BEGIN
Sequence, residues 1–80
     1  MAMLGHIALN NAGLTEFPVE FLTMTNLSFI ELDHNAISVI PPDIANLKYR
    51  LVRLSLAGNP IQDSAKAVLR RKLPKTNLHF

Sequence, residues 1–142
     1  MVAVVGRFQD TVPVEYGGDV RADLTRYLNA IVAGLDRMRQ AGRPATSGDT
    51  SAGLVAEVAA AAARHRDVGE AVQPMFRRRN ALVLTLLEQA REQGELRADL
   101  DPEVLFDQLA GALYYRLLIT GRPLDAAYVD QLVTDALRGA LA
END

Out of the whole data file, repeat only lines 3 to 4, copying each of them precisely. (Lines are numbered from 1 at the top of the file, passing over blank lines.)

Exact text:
    51  LVRLSLAGNP IQDSAKAVLR RKLPKTNLHF

Sequence, residues 1–142